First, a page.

Semen and Sperm

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Semen and Sperm

The presence of sperm and semen can be important to a crime investigation. The visual detection of semen can provide evidence in the case of a suspected rape. As well, the genetic material present in the sperm can be analyzed and used as a genetic fingerprint to identify a suspect.

In the male, semen is the fluid expelled during ejaculation. In addition to plasma, the semen ejaculate contains secretions from the seminal vesicles and other glands to support and nourish the living sperm cells (spermatozoa) contained within the semen. Sperm cells are haploid sex cells of the male. Unlike eggs (oocytes and the mature ovum) that are large, non-motile, and generally ovulated one at a time, sperm are tiny, motile, and produced in the millions. While a human sperm contains a relatively long tail (flagella), the volume of an entire sperm, tail and all, is only 1/85,000 of the mature ovum.

Motility of the sperm is due to the long tail, which is a modified flagellum. Cilia and flagella, from protozoa through humans, all have a similar structure that has been intensively investigated since first described in early electron microscope studies. Microtubules that run the length of the sperm tail are arranged in a ring of nine pairs surrounding a pair in the center. Ciliary dynein is associated with each of the nine microtubule pairs. It is the interaction of the dynein with the microtubules which causes flagellar bending and thus propulsion.

It is estimated that a quarter of a billion sperm are released in a single ejaculate of semen in a healthy male human. In addition to a nutrient function, the semen plays an important role in thermal and hydration regulation that promotes viable sperm cells. The semen also provides initial protection against the acidic gradient of the vagina and cervical region.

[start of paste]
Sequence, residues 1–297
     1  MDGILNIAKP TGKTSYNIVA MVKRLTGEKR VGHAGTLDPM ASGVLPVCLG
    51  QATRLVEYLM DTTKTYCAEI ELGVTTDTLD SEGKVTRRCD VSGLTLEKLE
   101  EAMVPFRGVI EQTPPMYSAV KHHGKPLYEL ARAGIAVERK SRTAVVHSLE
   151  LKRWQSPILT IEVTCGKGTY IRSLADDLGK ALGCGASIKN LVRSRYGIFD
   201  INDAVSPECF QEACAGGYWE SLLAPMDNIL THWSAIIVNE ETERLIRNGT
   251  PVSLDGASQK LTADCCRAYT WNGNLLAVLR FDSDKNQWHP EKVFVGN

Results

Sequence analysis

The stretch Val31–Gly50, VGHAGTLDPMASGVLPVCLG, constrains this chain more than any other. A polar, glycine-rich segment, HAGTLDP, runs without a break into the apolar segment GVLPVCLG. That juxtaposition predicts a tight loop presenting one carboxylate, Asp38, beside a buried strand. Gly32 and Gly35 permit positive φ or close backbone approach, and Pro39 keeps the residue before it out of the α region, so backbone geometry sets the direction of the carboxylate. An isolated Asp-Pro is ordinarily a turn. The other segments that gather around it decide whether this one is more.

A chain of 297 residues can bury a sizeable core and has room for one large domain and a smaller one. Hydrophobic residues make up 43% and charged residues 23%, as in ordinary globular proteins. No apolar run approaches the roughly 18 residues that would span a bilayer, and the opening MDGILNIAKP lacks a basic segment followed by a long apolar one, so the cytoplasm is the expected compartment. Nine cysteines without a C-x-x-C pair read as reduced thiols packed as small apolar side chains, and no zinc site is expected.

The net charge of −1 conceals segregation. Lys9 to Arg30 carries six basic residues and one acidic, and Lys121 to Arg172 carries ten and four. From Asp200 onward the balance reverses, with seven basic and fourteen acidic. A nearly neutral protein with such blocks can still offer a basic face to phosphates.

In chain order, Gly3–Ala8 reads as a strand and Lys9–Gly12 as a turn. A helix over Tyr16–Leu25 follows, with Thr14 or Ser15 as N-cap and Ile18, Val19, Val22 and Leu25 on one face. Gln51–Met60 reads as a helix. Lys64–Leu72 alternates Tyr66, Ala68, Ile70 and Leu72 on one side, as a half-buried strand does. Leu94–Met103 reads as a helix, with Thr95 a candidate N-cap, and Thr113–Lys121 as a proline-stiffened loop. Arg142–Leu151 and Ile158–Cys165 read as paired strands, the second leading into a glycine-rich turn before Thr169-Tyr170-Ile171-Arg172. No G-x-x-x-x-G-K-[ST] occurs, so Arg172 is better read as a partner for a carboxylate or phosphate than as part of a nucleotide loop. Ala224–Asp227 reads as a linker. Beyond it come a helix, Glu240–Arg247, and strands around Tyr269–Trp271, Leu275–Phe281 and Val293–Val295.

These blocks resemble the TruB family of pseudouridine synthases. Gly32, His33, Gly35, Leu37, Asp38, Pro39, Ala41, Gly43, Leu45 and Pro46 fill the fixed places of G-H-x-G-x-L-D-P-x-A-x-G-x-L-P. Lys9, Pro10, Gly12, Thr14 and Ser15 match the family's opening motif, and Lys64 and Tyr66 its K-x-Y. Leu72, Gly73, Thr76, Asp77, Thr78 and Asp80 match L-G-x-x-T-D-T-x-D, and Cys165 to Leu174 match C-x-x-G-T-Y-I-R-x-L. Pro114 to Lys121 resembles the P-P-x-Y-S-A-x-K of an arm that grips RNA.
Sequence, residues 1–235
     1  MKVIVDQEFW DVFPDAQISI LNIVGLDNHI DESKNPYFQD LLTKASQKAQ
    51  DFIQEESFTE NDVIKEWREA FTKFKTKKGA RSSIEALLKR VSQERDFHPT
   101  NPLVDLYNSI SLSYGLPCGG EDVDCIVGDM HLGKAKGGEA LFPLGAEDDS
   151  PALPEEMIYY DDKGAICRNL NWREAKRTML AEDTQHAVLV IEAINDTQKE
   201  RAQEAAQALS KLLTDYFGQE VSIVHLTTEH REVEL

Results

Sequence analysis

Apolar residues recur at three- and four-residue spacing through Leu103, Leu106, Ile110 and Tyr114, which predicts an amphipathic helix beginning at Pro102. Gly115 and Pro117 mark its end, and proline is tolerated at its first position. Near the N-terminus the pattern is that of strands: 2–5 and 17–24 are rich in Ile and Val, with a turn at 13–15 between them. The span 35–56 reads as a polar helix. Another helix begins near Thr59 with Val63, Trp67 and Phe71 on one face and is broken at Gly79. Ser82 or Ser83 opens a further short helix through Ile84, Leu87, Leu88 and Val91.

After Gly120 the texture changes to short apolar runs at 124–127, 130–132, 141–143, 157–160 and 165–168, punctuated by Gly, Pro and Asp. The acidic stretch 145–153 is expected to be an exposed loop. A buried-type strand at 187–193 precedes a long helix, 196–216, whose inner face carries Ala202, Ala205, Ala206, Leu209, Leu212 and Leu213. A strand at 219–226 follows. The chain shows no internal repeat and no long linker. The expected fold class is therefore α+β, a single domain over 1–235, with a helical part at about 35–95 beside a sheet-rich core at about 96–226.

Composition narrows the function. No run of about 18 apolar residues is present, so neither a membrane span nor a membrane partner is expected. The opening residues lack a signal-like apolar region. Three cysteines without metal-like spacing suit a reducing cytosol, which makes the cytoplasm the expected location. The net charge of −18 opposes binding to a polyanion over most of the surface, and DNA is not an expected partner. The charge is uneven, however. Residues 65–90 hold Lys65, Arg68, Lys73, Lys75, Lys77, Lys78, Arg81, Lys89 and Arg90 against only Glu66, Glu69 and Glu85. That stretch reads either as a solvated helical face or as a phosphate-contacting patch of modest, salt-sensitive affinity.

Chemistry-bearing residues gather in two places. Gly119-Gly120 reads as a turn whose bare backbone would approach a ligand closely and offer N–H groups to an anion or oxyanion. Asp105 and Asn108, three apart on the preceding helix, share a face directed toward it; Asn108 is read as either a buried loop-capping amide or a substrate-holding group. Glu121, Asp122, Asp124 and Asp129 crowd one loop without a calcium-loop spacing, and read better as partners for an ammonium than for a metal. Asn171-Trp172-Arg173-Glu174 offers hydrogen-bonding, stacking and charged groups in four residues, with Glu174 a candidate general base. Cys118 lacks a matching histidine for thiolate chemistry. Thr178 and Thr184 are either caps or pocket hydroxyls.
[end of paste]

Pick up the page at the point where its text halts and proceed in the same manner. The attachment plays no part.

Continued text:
In a forensic examination, semen can be detected by the presence of the enzyme acid phosphatase. Because this enzyme is present elsewhere in the body, however, the test is not absolute proof of the presence of semen on clothing or in material recovered in a case of suspected sexual assault. But, detection of acid phosphatase is powerful circumstantial evidence , and indicates that further efforts should be made to investigate the possibility that semen is present.

The microscopic detection of sperm is much more conclusive. The chance of recovering intact sperm is less when a sample is older, due to decomposition of the biological material. However, samples that are analyzed soon after collection can be positive for sperm.

Semen can be visualized on clothing and other surfaces using an ultraviolet light. The semen fluoresces under ultraviolet illumination. This test has the advantage of being non-destructive to the scene of the investigation.

see also Crime scene investigation; DNA; DNA profiling; Luminol; Rape kit.